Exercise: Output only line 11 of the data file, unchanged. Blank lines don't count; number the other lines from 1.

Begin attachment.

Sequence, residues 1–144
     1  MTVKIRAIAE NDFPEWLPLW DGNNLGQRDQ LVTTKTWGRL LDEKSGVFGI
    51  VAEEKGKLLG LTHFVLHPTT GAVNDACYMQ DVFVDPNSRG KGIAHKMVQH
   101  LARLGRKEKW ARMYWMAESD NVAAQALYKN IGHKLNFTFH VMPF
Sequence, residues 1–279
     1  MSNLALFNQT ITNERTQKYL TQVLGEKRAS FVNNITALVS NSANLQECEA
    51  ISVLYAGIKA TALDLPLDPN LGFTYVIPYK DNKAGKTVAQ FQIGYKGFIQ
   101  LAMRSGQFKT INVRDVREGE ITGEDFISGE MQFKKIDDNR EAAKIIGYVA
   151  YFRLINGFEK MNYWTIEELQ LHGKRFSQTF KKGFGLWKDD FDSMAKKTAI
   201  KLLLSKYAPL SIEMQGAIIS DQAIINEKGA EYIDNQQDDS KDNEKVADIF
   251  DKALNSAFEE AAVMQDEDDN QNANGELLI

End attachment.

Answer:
   251  DKALNSAFEE AAVMQDEDDN QNANGELLI